I’ll point out at this stage that there’s no evidence Louise is a romantic person. My interpretation is that she may be on the aromantic spectrum. This is a seldom-considered possibility when interpreting fiction, since we live in a strongly amatonormative society. The main character, too, may be aromantic. His actions in this story indicate he feels pressure to have a culturally sanctioned romance with Louise. He exhibits no burning desire to be with her. If he hasn’t been comparing himself to those guys with the many kids (‘potato-fattened, bland opportunists with nine kids between them’), he may not have even felt less of a man for ‘failing’ to secure himself a family. As discussed on the New Yorker fiction podcast, the main character is thinking about Louise in a very transactional way.

Is this aromanticism or is it the effect of maladaptive masculinity? Impossible to say, since this cowboy masculinity requires men to quash feelings of romance.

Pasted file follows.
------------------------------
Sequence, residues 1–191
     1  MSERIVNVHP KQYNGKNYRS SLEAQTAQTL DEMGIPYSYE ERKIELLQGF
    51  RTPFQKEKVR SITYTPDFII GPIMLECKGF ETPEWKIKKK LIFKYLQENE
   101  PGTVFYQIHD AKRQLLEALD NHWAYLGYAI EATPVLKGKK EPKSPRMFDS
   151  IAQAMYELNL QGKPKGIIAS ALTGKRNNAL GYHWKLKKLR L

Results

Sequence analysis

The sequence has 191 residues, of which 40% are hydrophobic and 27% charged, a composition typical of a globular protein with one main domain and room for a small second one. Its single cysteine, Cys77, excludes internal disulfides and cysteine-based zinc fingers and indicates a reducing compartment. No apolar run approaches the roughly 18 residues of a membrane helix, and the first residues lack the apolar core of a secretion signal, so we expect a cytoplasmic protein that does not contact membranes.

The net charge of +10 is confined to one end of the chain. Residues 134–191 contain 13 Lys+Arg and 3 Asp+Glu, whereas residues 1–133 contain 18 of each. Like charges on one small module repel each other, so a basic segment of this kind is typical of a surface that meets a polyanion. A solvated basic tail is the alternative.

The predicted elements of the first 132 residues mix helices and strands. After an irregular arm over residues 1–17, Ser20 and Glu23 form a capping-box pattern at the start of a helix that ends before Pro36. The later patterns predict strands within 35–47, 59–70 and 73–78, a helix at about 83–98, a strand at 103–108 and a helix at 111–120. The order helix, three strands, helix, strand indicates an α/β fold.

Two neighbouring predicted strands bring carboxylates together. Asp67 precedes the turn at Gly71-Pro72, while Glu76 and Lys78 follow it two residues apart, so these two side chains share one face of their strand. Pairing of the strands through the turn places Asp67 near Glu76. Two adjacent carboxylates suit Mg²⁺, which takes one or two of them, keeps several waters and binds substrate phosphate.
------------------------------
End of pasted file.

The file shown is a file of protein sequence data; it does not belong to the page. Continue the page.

So Louise is functioning as the main opponent of this story, but even ‘love’ stories require another level of opposition in order to be interesting, so the Minotaur opponent of this story is the small-town businessman the narrator is aiming to piss off: Oren Johnson.

Now, because stories often feature those two levels of opposition and still work perfectly fine, readers are all the more surprised when a third (or possibly the same?) opponent turns up later, just as we think the day is drawing to a close.

The danger of the congested highway – a metaphorical fast-flowing river – heightens the anxiety our narrator feels about his half-arsed plan to deepen his romantic connection to Louise. In this way, the environment functions as an opponent, contributing to our main character’s anxieties.

Apparently, McGuane has been asked who he intended the highway monster to be. He replied that it might be the Grim Reaper, or we might equally interpret him as the buyer of the car dealership experiencing spectacular buyer’s remorse.


As mentioned above, the ‘planning’ aspect of this story makes for an interesting case study because we have a character with no clear plan. In fact, this will be partly what contributes to his downfall.


The suspense level of this story really picks up at Black Butte on the journey home. McGuane has teased us into thinking that the main battle is going to occur between the narrator and the buyer he is hoping to piss off, but in that our expectations are stymied.